For projects which are local, regional, national or global in scope
From groups located anywhere in the world
From grassroots organizations with annual expenses of less than $500,000
From groups with limited or no access to more mainstream funding sources
From groups that may be unincorporated or incorporated*
From groups with or without 501(c)3 status or a fiscal sponsor*
From groups which have not received Social Justice Grants from us in at least two years
The Social Justice Fund’s priority is to support:
Direct grassroots activism and organizing
Groups with diverse, representative and democratic internal leadership structures
Groups which have or can obtain sufficient economic and in-kind support from a diversity of sources to carry out their regular work, but need additional support for a particular project
You can visit the A.J. Muste Institute website for more information on eligibility and how to apply.
Vietnamese Oral History Project
I’m emailing today because we all have one common interest — preserving Vietnamese history and culture. My friend Linh Tran and I are starting a new project and hope that with your help, we can turn our ambitions into a reality.
Our mission is to record, document and preserve the stories of every single Vietnamese refugee who fled the country after the Fall of Saigon. We as Vietnamese people have a very unique, important story and unless we make efforts to preserve those histories in some way, it’ll be lost in text books, in our children and our children’s children. Although there have been some attempts to document our story, not one project has done it on the global scale that we want to reach.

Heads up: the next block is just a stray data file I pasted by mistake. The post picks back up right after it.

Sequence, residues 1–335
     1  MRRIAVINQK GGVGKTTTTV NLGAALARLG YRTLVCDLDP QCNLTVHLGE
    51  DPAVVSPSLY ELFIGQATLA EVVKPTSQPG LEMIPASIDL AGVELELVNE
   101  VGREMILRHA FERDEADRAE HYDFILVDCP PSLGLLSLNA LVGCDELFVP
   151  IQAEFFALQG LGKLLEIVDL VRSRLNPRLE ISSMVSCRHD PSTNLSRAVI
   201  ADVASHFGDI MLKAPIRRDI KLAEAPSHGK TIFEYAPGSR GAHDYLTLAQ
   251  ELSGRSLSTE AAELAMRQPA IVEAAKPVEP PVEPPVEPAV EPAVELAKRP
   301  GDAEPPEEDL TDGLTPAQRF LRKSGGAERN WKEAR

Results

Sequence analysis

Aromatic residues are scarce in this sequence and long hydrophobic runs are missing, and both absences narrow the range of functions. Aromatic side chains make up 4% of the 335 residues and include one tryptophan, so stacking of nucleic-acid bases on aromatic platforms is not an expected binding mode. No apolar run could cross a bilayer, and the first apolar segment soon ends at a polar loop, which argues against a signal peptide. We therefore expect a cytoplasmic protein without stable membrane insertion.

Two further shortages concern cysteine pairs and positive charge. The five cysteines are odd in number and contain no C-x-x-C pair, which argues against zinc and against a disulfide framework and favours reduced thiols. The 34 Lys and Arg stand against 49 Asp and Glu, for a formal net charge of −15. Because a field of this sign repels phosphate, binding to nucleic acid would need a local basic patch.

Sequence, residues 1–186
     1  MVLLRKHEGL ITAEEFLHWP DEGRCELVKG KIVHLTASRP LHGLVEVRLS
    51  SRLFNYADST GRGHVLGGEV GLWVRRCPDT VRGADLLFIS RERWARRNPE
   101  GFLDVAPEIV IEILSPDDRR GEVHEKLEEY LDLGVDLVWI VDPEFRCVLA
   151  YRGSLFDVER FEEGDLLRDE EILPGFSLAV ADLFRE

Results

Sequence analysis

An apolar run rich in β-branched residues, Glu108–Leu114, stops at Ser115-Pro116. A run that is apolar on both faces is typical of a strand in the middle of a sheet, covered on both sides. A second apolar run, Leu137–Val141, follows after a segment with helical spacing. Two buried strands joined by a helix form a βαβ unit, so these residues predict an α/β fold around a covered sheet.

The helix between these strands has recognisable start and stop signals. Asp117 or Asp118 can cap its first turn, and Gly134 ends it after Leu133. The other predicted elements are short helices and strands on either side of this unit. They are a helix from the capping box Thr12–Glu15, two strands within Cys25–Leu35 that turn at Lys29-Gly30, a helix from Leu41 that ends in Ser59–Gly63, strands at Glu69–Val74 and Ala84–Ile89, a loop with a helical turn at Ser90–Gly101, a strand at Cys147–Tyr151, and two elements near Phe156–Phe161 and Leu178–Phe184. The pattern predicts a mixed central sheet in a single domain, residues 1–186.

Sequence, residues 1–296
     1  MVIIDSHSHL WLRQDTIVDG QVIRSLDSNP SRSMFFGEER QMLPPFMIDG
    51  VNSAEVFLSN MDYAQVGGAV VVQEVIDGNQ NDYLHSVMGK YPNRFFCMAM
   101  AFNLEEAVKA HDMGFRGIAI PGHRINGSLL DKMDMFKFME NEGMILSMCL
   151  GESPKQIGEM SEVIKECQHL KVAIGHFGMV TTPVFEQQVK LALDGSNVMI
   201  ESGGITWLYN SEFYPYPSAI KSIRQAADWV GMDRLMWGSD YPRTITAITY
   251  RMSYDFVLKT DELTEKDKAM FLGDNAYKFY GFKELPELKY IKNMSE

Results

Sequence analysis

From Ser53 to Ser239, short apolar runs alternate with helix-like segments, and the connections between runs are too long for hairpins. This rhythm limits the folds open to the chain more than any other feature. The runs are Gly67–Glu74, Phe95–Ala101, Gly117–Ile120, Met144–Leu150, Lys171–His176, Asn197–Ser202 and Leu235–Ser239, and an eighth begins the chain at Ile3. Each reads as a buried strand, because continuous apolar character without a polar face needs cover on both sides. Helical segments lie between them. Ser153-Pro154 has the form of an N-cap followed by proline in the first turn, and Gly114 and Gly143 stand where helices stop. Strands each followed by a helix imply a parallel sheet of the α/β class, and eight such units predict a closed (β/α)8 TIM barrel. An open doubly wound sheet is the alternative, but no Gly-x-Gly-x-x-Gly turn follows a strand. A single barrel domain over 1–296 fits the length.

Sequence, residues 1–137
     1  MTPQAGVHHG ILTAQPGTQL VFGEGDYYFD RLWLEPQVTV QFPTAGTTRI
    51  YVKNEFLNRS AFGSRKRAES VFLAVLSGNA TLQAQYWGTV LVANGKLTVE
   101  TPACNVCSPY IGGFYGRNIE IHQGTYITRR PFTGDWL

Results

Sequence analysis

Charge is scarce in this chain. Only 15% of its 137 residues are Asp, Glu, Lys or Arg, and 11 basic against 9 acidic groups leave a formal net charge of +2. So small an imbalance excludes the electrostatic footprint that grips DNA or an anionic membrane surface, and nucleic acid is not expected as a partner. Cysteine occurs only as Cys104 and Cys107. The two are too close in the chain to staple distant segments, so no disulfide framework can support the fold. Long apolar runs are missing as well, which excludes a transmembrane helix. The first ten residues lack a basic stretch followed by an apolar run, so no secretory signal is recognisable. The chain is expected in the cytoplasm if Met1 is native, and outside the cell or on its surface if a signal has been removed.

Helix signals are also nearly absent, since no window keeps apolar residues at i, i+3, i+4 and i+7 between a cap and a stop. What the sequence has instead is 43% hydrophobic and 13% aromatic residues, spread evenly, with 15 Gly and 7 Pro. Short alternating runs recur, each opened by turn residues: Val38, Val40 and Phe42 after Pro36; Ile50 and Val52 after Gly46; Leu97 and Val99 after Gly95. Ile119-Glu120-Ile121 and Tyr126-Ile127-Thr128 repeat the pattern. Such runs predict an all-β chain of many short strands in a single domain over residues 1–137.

This is why Linh and I want to start to collect individual stories of this journey — modeled after the nationally recognized StoryCorps and Steven Spielberg’s Jewish Film Archive. We are compiling a video documentary, archive and multimedia-driven project that will serve the Vietnamese people, let them tell their stories and also be a platform to educate others from different origins and backgrounds about our story. It’ll temporarily be called “From Vietnam to Freedom” and will be housed online.
We’re emailing you because we’d like for you to either contribute your story, someone else’s story or help us connect more with the Vietnamese community to spread the word. We know with your help, we can truly make a difference in our global community. We hope that you’ll contribute in some way.
Thanks very much.
Kim Thai, email@example.com
Linh Tran, firstname.lastname@example.org
Mavericks of Asian Pacific Islander Descent announces the 1st Asian Pacific Islander TV Pilot Shootout sponsored by Fox Diversity. The winner will receive the opportunity to pitch a TV executive at Fox.